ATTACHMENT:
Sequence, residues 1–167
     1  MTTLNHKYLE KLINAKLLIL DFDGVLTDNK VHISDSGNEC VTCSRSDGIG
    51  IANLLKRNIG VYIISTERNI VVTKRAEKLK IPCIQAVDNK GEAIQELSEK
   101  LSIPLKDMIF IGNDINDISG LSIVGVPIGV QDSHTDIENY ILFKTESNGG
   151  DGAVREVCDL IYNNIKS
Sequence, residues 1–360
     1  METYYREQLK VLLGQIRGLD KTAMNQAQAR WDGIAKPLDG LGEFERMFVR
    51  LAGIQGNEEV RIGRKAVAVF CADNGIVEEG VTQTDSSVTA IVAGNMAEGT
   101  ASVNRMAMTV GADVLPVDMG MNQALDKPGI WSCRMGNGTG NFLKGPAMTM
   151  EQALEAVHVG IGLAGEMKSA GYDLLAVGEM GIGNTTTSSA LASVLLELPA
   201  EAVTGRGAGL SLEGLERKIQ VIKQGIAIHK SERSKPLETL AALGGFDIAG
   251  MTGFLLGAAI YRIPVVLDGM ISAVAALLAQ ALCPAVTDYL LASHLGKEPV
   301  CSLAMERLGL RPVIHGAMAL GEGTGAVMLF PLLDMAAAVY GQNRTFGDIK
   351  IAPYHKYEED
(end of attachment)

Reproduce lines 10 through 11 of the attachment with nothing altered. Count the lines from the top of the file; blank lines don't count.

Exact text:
   151  EQALEAVHVG IGLAGEMKSA GYDLLAVGEM GIGNTTTSSA LASVLLELPA
   201  EAVTGRGAGL SLEGLERKIQ VIKQGIAIHK SERSKPLETL AALGGFDIAG